The extraordinary achievements in the modern pharmaceutical, biotech, telecommunications and computer industries are dramatic evidence of the significance of intellectual property rights to man’s life. Yet patents, copyrights and other intellectual property rights are under attack—theoretically, morally and legally.
This lecture explains why intellectual property rights are fundamentally important property rights by grounding them in the values that man must conceive and produce in order to live and flourish.
Fundamentally, all property is at root intellectual property, which is why Ayn Rand believes that intellectual property rights represent “the legal implementation of the base of all property rights: a man’s right to the product of his own mind.” In explaining why this is the case, this lecture identifies the radical political and legal implications of Rand’s innovative ethical theory, such as her novel concept of value and her discovery of the role of man’s mind in sustaining his life.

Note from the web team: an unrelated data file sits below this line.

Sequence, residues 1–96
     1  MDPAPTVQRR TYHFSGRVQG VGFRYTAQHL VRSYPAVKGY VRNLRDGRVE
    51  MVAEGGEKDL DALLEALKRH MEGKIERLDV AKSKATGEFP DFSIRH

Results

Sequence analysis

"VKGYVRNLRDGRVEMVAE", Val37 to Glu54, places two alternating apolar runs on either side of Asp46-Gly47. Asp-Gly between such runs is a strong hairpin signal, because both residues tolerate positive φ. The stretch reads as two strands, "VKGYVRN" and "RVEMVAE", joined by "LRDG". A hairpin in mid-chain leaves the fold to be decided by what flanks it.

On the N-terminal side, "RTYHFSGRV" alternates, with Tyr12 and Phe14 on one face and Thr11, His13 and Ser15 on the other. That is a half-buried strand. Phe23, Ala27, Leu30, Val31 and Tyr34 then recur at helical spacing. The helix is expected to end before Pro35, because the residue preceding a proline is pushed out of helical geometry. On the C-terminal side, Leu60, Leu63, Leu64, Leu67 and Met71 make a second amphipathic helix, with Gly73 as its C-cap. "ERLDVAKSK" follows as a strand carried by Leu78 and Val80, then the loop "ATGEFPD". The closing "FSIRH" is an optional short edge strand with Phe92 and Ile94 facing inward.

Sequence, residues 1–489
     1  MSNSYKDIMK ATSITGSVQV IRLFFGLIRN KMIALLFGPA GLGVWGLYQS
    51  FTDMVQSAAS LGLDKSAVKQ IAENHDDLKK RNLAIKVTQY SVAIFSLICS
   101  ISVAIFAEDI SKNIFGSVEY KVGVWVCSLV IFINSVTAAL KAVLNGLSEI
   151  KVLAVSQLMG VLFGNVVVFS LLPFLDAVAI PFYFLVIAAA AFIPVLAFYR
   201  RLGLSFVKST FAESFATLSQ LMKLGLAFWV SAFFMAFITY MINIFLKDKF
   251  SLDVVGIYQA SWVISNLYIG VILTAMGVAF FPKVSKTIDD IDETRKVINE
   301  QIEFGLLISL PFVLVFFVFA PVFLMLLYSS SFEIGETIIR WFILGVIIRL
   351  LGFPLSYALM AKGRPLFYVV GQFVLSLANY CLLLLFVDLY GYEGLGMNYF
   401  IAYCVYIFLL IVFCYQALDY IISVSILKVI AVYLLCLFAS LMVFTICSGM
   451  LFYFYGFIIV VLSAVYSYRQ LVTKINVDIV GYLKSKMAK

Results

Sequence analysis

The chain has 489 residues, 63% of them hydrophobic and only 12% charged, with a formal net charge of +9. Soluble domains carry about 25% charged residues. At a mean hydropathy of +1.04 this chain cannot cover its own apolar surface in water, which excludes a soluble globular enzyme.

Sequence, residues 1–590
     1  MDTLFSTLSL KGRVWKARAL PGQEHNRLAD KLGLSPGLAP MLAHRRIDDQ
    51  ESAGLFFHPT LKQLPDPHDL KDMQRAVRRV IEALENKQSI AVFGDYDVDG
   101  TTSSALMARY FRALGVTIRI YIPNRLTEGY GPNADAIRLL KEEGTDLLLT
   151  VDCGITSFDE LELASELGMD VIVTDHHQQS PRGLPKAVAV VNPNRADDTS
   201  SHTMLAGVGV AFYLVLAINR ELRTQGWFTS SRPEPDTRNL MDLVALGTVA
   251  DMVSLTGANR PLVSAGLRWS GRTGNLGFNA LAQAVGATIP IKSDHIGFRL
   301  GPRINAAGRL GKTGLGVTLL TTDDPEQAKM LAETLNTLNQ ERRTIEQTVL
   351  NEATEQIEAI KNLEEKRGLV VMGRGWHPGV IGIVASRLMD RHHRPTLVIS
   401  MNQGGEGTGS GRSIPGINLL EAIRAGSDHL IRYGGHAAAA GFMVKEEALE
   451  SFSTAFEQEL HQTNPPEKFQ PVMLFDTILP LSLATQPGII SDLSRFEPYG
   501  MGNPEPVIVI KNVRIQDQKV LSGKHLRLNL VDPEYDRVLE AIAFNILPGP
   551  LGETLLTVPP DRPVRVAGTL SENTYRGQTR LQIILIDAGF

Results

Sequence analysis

Adam's presentation at the conference will be geared toward Objectivists, but this lecture is not some side-line of his intellectual work as a law professor. This is his intellectual work! And if you are thinking about how lucky he is to be able to do this for a living, shame on you. Luck had nothing to do with it. Adam created this career for himself through a relentless, passionate, independent, selfish quest. There was no road-map for him, and being an Objectivist made everything more challenging. And just last month, the faculty at George Mason University School of Law voted in favor of tenure for him. There are a few, mostly bureaucratic, hurdles left, but we can pretty safely say that Adam has earned tenure!
I've learned so much from the way Adam has managed his career goals, and if you can't tell, I admire him greatly for it. I actually think that he could give a conference lecture on the subject of pursuing a career in academia, but in the meantime, he's promised to guest blog about it here sometime in the near future.
Anyway, I hope to see and/or meet many of my readers at the conference. With Leonard Peikoff giving another series of lectures on his DIM Hypothesis, Adam's lecture, and what looks to be a really nice venue, it should be quite an event!